RVHS officials eye gradual shutdown

Published 12:00 am Thursday, January 18, 2001

River Valley Health System’s 400 to 415 employees will be phased out of work as the hospital shutdown proceeds.

Thursday, January 18, 2001

River Valley Health System’s 400 to 415 employees will be phased out of work as the hospital shutdown proceeds.

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Few employees will spend their last day at the hospital this week, even though the hospital stopped accepting admissions Wednesday, less than a day after the board of trustees voted to shut down, interim CEO Dr. John Ross said.

"The last day of patient care operations will be Jan. 27," he said.

It is considered a permanent shutdown, he added.

Which departments feel job cuts first remains undetermined, but RVHS will follow Ohio Hospital Association guidelines on phasing out work, Dr. Ross said.

Two clinics operated by RVHS – at Aid and Wheelersburg – might remain open after the shutdown.

"They may be transferred to other ownership but that’s yet to be determined," he said.

River Valley will begin working immediately with area hospitals concerning the 60 patients currently in the hospital.

"The majority of our patients will be discharged as they normally would be," Dr. Ross said, adding the hospital will accept no new patients.

The process is part of an "orderly shutdown" meant to make it easier and safer for both healthcare provider and recipient, he said.

The shutdown became evident late last week and over the weekend, after officials heard additional information and began pouring over financial documents.

"We reviewed cash flow projections then came to a decision," Dr. Ross said. "Looking at that, I felt we need to have an orderly shutdown."

There was only sufficient cash to make Friday’s payroll, enough to make payroll two weeks from now, and no financial assistance on the horizon, he said.

Frequent meetings in the last several weeks with Lawrence County commissioners, state and federal legislators and attorneys focused on financial help – such as loans or debt reduction – but no action has been taken.

"We’ve worked on this for over a month and everywhere we turn, it says the county can’t spend taxpayer money up there," commission president Paul Herrell said.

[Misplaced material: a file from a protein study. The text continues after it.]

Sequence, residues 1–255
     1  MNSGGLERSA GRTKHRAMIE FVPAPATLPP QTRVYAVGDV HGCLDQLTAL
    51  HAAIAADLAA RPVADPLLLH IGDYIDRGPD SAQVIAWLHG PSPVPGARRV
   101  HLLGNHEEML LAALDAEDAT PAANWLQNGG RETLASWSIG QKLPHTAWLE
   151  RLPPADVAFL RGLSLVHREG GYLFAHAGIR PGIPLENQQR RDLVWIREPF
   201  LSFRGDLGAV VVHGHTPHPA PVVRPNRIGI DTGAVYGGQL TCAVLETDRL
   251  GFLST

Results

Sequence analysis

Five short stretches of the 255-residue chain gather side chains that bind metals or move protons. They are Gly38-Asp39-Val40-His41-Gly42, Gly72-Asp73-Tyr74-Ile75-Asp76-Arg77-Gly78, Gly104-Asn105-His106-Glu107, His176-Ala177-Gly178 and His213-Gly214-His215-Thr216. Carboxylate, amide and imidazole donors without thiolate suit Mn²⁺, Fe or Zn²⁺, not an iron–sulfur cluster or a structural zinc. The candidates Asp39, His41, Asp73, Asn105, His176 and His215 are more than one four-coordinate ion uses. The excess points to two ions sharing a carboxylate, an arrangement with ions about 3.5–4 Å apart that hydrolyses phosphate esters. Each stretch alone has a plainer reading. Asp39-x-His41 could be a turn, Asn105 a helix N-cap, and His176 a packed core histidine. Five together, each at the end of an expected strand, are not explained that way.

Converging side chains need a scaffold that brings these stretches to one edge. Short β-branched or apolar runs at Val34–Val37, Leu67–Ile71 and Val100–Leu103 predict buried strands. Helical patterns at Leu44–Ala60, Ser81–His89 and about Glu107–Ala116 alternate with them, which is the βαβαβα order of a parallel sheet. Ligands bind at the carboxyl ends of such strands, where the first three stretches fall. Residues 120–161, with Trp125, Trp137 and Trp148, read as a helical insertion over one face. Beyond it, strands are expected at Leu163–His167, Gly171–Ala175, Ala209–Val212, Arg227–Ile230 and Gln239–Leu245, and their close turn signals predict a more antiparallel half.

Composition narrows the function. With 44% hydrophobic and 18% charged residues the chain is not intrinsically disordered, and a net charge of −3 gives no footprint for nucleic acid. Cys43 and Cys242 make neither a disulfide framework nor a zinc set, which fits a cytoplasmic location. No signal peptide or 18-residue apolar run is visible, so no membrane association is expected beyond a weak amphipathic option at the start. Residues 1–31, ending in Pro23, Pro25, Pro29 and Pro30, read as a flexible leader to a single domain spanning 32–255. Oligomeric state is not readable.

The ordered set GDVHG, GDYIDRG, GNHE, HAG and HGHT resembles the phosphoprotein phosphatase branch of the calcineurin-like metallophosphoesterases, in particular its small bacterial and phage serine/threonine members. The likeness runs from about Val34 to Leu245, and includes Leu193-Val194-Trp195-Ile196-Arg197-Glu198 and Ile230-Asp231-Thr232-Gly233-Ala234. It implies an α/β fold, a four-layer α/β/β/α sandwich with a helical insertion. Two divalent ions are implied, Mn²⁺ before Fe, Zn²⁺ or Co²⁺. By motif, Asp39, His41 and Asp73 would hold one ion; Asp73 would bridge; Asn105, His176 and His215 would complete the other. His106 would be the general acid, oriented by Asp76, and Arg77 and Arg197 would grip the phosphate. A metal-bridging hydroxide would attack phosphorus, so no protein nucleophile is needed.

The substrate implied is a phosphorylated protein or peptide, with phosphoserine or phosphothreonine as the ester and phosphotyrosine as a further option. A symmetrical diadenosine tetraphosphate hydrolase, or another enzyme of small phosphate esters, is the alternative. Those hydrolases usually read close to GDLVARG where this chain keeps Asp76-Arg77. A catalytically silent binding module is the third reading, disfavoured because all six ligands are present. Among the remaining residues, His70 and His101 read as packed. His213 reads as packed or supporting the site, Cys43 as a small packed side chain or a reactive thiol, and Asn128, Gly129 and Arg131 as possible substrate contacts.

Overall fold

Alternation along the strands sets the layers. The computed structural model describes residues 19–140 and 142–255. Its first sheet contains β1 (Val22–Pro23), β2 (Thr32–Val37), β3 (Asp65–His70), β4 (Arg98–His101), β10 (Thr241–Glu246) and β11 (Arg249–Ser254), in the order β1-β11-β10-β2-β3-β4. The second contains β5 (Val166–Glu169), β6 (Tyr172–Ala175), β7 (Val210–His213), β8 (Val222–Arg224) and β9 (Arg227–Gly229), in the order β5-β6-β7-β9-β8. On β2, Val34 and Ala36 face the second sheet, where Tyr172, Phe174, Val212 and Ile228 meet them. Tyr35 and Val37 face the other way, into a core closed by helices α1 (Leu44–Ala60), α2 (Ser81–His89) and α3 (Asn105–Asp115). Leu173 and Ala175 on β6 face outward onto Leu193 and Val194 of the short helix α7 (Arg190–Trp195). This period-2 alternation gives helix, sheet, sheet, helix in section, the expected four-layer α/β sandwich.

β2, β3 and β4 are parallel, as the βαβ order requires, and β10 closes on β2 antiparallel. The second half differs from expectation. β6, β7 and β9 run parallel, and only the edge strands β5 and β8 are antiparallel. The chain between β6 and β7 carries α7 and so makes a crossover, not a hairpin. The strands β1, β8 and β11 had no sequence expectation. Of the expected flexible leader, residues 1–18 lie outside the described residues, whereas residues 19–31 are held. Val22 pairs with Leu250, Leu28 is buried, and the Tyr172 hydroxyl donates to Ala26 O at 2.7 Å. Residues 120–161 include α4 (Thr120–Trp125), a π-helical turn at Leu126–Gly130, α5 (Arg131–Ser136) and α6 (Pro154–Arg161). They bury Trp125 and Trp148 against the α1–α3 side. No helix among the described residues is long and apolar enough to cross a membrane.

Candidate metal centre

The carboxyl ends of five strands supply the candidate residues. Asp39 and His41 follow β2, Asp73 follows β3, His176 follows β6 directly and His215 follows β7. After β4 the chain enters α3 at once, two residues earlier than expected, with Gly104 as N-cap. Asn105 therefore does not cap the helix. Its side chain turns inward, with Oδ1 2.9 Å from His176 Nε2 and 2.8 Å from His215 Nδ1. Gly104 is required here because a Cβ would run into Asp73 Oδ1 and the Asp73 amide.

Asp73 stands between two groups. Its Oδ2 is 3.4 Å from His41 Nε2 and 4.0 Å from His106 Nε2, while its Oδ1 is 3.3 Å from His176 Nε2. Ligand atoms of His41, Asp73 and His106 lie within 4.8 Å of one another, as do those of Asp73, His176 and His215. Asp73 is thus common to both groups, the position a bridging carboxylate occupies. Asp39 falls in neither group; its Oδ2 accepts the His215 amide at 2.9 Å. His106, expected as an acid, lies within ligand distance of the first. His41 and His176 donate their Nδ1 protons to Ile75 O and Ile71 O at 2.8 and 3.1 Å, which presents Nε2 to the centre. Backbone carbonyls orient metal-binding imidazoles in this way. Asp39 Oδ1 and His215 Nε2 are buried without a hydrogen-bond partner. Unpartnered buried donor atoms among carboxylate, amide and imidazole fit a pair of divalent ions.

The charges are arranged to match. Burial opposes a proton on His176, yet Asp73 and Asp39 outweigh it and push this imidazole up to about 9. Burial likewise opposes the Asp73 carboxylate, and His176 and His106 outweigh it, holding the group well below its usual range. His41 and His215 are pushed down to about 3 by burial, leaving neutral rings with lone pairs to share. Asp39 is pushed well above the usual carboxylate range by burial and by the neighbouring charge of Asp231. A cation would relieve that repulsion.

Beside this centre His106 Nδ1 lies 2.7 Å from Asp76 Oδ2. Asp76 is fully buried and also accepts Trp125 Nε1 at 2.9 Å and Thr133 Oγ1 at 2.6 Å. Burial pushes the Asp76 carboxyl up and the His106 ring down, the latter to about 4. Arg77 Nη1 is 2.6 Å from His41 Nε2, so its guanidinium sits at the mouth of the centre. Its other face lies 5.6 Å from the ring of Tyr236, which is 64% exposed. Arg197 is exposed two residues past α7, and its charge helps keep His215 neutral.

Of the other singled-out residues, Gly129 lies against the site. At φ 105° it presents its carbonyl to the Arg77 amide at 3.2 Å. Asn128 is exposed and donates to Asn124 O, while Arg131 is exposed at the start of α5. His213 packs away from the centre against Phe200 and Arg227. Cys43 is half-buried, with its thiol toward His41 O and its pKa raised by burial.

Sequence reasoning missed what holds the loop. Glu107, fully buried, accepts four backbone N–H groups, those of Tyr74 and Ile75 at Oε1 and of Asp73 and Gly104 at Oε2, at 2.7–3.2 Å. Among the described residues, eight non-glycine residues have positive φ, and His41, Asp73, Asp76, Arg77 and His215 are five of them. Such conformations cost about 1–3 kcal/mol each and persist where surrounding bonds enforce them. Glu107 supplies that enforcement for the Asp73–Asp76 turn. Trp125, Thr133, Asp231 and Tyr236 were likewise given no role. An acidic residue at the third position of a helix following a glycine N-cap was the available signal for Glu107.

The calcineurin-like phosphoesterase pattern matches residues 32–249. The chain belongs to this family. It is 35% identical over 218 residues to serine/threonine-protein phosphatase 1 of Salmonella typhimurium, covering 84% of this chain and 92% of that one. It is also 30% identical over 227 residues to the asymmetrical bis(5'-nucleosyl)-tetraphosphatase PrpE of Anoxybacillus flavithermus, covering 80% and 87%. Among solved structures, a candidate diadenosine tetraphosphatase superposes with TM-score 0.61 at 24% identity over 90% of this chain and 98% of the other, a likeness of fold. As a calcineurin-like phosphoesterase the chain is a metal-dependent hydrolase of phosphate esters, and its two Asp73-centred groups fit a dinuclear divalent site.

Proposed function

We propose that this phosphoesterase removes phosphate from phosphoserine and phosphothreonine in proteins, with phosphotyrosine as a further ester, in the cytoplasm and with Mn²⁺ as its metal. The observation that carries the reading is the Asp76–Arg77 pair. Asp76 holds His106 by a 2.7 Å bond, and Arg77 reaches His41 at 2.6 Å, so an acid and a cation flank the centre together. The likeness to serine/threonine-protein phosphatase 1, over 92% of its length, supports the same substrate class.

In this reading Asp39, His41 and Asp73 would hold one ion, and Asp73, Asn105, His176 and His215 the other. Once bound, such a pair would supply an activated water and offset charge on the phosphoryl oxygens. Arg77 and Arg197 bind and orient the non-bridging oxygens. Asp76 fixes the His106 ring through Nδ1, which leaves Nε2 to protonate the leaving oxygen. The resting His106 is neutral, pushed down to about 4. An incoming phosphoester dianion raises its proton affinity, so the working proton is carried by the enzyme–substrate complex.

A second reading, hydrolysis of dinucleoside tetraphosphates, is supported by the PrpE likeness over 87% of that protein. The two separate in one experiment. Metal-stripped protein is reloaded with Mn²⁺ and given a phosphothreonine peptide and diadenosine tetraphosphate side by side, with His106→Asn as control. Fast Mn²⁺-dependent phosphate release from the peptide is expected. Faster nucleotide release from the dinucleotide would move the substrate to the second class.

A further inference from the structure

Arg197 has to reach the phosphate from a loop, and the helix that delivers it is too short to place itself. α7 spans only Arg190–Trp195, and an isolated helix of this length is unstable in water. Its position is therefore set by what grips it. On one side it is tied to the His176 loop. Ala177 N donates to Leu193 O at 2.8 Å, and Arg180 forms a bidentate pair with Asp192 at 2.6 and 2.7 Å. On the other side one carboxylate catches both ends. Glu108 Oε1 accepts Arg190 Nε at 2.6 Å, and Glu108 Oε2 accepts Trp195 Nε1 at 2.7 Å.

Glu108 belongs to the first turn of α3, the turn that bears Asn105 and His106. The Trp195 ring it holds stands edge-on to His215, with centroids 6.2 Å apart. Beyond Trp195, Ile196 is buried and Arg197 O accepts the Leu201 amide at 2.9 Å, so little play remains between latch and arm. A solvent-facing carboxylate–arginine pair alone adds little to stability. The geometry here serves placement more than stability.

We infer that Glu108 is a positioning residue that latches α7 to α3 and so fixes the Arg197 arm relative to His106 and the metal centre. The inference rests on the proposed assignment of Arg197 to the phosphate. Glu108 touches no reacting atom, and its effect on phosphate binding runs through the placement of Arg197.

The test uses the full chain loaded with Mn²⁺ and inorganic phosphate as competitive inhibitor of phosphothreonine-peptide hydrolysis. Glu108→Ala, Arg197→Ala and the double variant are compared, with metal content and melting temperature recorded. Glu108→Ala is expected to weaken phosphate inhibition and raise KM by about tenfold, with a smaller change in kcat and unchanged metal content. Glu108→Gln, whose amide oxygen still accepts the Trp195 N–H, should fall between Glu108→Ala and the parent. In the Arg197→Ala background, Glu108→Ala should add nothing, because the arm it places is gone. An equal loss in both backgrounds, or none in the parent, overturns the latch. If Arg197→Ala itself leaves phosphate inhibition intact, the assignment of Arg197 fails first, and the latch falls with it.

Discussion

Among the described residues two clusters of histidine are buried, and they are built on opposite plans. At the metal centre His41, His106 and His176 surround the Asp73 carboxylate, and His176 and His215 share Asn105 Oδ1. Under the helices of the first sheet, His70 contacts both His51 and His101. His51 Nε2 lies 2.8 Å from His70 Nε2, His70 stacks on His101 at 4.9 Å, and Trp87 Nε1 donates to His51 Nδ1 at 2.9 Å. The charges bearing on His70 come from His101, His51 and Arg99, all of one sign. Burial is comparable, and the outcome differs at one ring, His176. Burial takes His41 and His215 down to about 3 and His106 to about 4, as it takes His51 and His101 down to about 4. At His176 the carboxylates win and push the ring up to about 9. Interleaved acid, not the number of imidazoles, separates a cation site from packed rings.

The hospital tried selling land but, because the county owns all land and buildings of RVHS, state law requires the sale proceeds to go into the county general fund, Herrell said.

"If we put that money into the hospital, it could make us liable for (a hospital debt of) $17 million," he said. "A debt of that magnitude would put the county in jeopardy."

Still, the county and RVHS trustees will continue to work on keeping the hospital open, Herrell said.

"If it doesn’t, I’d say we’d be interested in selling," he said.

Also, discussions have taken place between River Valley and Genesis Hospital System, which operates St. Mary’s and Cabell-Huntington, but there has been no decision.

"We needed to be more financially stable and they’re discussing with Logan," which has its own financial problems, Dr. Ross said.

"I can see where they would not want to."

Taking everything into consideration, there was just not enough cash flow to hang on any longer, Dr. Ross said.

Dr. Ross said assistance from the state level – like the hundreds of thousands of dollars in grants received by new industries such as Liebert Corp. – would have been welcome, especially to save 400 jobs.

"We certainly would have liked additional help, but I won’t begrudge a good thing that happens to the community," he said.